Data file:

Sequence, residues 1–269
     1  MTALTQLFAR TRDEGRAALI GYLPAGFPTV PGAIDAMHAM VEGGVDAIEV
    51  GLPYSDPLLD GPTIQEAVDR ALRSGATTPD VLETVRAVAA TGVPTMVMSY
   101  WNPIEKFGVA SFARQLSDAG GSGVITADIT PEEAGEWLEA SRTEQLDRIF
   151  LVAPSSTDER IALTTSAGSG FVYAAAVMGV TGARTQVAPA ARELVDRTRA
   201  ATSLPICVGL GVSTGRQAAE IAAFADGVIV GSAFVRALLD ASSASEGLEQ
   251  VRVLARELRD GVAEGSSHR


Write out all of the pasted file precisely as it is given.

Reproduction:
Sequence, residues 1–269
     1  MTALTQLFAR TRDEGRAALI GYLPAGFPTV PGAIDAMHAM VEGGVDAIEV
    51  GLPYSDPLLD GPTIQEAVDR ALRSGATTPD VLETVRAVAA TGVPTMVMSY
   101  WNPIEKFGVA SFARQLSDAG GSGVITADIT PEEAGEWLEA SRTEQLDRIF
   151  LVAPSSTDER IALTTSAGSG FVYAAAVMGV TGARTQVAPA ARELVDRTRA
   201  ATSLPICVGL GVSTGRQAAE IAAFADGVIV GSAFVRALLD ASSASEGLEQ
   251  VRVLARELRD GVAEGSSHR